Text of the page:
The two-quarterback system is not a viable long-term option for a team in Florida's position. It is the only short-term option right now, though. The Gators need to raise an offense that matches its fifth-ranked scoring defense.
Florida doesn't exactly have stellar options, and Driskel was the least of all evils in 2012. Maybe Max Staver, the 3-star quarterback of the 2013 class, will step up and show what he is capable of.
Either way, Florida needs to split time between at least two quarterbacks until a true passer emerges.
2. Oregon State Beavers
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Oregon State did well last season, and the only blemish on the program was the Washington game that the coaches blew. Sean Mannion was throwing interceptions, and the coaches didn't pull him in favor of Cody Vaz until it was too late.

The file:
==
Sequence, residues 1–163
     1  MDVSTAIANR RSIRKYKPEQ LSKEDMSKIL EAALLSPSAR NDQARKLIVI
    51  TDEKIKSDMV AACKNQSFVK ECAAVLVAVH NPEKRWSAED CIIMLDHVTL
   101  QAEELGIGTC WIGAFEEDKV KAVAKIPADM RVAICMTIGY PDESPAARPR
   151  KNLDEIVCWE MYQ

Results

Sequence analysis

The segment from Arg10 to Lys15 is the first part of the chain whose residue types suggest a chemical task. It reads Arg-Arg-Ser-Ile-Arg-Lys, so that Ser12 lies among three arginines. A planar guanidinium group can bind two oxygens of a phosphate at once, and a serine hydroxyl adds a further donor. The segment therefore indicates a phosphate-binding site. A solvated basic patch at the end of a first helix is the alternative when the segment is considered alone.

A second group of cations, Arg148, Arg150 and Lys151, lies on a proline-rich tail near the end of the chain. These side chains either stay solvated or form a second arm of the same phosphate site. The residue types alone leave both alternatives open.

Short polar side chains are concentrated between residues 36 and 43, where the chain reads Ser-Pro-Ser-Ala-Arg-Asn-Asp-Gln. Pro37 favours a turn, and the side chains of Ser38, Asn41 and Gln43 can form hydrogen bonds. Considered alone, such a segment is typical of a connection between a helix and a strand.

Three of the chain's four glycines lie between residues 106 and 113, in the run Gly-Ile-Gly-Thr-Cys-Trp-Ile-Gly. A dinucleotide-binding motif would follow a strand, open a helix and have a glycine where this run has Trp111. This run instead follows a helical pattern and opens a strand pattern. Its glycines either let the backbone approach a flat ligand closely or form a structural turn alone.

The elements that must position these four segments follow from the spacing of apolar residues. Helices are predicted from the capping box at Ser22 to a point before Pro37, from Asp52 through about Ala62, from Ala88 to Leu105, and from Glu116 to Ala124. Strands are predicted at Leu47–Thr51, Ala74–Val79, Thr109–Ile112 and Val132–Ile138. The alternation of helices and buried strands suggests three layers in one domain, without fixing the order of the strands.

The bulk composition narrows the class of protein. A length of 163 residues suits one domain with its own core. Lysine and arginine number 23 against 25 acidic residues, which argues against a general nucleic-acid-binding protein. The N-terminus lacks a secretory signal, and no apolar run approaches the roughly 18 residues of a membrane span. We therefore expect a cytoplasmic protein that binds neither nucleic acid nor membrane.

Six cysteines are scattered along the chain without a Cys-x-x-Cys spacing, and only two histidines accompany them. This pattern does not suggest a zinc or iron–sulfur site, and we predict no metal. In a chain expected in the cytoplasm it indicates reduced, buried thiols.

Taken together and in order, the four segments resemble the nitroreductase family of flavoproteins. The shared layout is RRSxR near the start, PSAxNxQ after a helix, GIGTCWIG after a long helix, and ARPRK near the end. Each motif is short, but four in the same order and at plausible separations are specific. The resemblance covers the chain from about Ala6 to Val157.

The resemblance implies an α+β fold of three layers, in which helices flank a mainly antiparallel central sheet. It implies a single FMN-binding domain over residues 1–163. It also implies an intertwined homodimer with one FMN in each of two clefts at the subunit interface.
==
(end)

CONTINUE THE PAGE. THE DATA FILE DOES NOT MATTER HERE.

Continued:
Mannion is the future of the program, but he was coming off an injury for that Washington game. Vaz is the older quarterback of the two, and he provides a different style of success than Mannion does.
During the 2013 season, these two quarterbacks need to be played one half at a time to keep defenses on their toes. The Beavers can even rotate which one starts each half if they want. Both signal-callers proved themselves last season.
There's no reason to leave one on the bench unless one can prove he's significantly better than the other. Right now, that's actually Vaz, at least in terms of touchdown-to-interception ratio.
When they are both healthy and have spent time on the field, neither has real deficiencies. Oregon State should use that not only to train Vaz further, but to keep defenses from preparing for just one quarterback.
1. Texas Longhorns
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Texas may seem like a mismatch for this list because the Longhorns basically ran a two-quarterback system last season. Unfortunately for Texas, it didn't work out. The Longhorns finished 9-4 after a miraculous Alamo Bowl comeback over the Oregon State Beavers.